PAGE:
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Archive for the ‘This Too Will Pass’ Category

 Carla sat in our waiting room, flicking through one of out out of date magazines.  (Every waiting room has them!)  She was a beautiful young woman, barely out of her teens.  I wondered what problems someone so young and lovely and vibrant could have.

When I spoke with her a little later, I discovered that her parents had belonged to the “bash them and humiliate them” school of child rearing.  This had left Carla with a substantial legacy of severe anxiety and with very poor self-esteem.  Unfortunately, she had found a way of managing her anxiety.  Pulling up the sleeve of her jumper, she showed me a half healed cut on her inner fore-arm.  I could see several older scars, fortunately fairly minor. When her anxiety and distress became unbearable, she had begun to cut herself.  Alas, this is quite common. 

During the years that I worked in prisons, I saw many people with lattice-works of scars from self-injury on their arms, legs, chests, even throats.  These were ugly and disfiguring and sometimes the injuries were life threatening.  Unfortunately, in a horrible way, self-harm to relieve anxiety and distress can work – but at a price.  It tends to work like this:

The person suffering from anxiety, which is often mixed with anger and feelings of hopelessness, emptiness and frustration, experiences a build-up of these feelings until they reach unbearable levels.  Sometimes there is then a loss of sensation and dissociation (or depersonalisation) which is a horrible feeling.  Often too they experience an inability to feel pain.  They then self-harm by cutting, scratching, burning, stabbing etc.  This tends to relieve the symptoms they are experiencing and re-connects the person with feeling. (I once had a man tell me that when he cut, it was like watching a big dial on his chest, with the needle in the red zone and that when he felt the blood on his arm, he felt as if the needle on the dial was being turned quickly back to green.) 

Once this form of self-harming becomes established, it can be very hard to stop.  You will notice that the diagram above is a circle.  Relief from the symptoms tends to be temporary, the feelings build up again and around and around it goes.  With each cycle, it becomes easier to self-harm, self-esteem drops lower and lower, tissue damage and scarring increases and it gets harder and harder to break the cycle.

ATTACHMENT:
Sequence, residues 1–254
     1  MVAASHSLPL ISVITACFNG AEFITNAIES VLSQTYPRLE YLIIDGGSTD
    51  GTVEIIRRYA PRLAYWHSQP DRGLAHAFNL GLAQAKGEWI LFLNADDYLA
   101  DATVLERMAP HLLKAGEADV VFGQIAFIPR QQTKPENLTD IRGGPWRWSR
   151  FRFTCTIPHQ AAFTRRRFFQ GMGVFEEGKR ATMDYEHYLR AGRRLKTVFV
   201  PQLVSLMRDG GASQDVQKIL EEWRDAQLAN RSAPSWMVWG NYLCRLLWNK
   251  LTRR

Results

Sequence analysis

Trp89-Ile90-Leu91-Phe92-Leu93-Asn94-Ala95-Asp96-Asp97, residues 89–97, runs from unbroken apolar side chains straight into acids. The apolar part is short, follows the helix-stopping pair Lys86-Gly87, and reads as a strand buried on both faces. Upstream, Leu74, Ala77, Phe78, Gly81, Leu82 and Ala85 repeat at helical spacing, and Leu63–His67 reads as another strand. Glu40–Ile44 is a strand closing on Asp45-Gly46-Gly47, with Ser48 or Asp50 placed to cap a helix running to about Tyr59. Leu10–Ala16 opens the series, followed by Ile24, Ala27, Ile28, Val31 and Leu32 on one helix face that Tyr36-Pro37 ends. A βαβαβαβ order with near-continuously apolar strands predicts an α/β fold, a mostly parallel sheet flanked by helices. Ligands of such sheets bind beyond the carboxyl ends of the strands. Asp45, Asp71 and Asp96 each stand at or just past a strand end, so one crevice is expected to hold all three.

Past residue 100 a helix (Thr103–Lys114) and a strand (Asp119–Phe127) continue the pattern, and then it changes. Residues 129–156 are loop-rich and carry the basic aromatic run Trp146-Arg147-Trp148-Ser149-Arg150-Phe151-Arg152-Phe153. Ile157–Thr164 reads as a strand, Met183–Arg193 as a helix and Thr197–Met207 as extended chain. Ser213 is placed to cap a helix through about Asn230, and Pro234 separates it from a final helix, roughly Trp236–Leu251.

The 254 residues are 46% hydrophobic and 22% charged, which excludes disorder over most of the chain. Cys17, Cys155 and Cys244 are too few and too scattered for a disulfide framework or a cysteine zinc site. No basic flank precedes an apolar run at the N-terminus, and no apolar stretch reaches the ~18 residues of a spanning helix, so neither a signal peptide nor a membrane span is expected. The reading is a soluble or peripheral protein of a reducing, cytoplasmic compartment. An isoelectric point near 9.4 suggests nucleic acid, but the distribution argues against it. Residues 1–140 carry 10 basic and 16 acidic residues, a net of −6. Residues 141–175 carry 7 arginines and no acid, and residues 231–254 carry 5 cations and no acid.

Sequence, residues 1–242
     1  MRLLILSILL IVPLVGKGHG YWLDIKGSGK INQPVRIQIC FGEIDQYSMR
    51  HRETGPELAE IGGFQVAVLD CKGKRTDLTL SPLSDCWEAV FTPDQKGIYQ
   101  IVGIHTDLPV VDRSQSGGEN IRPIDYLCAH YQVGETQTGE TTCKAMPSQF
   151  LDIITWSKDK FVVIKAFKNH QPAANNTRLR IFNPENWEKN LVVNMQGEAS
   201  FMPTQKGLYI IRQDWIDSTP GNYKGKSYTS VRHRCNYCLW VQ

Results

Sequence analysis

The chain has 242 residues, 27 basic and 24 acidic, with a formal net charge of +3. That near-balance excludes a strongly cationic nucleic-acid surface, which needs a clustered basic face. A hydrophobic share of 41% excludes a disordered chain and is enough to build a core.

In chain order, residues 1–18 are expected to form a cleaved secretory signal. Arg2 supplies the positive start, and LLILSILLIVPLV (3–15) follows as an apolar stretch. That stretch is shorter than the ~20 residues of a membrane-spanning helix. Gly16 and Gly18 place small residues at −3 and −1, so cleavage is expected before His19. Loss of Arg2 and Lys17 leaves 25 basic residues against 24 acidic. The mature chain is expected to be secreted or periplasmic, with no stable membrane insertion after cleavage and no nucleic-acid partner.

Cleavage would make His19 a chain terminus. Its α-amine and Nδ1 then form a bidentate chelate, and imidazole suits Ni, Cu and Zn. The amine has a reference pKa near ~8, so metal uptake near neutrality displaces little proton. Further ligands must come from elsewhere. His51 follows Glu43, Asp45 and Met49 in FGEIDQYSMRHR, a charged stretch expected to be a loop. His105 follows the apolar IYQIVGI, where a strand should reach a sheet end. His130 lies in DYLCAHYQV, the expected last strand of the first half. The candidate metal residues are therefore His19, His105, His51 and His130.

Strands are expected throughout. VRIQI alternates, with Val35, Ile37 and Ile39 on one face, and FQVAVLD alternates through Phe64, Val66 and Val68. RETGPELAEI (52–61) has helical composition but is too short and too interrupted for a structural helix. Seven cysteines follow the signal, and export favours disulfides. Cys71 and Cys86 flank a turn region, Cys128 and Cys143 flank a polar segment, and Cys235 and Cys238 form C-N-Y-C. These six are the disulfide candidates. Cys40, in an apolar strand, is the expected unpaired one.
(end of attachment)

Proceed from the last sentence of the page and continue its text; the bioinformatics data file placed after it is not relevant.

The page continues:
I talked with Carla about this and where she was likely heading if she continued doing as she had.  I suggested that she work hard on other ways of managing her distress.  I gave her several strategies for managing anxiety and improving self-esteem, one of which was the approach to managing unhelpful thoughts, which can be found on this site.  At the end of one of our sessions, however, I told her about a simple little saying from Buddhist psychology:

“This too will pass”

This is based on the Buddhist principle of non-permanence, or transience of all phenomena.  Everything passes eventually, some things pass quickly, some slowly, but sooner or later, everything will pass.  If we try to cling to things that are transient, we inevitably suffer pain and distress.  I invited her to consider that the next time she was in the midst of bad feelings and distress, that they would pass if she allowed them to do so and if she reminded herself that they would indeed pass. 

A fortnight later, she returned to see me and told me that she had had an argument with her boyfriend and was feeling very upset.  All the old feelings returned and she went to the drawer and got out a knife.  As she sat down with it, she remembered our conversation and said to herself – this is going to pass.  And it did.  She calmed herself down, put the knife back in the drawer and later felt proud of herself for having broken then habit.  After a few more visits, she told me she didn’t think she needed to see me anymore.  Several years have passed now and I have not seen her again.

 I often relate this simple saying to people in counselling and many have told me that it has been one of the most helpful things they have heard.  I often explain that our strong emotions and unhelpful thoughts are like a cloud that passes in front of the sun.  There is thunder and rain and cold, but in a short time the cloud passes and the sun shines again.  Dark emotions and feelings will pass – if we allow them to.  We don’t have to act on them.  We can also realise, that when we are happy and everything is going our way, this too will pass and we are sure to experience pain, distress and upset again.  This is not being gloomy or negative, but facing the realities of life.  When we understand this, we can rejoice in our times of happiness, but not cling to them and pretend unrealistically that they will never fade.  And, of course we can accept our times of pain and discomfort and sadness, realising that this too will pass. 

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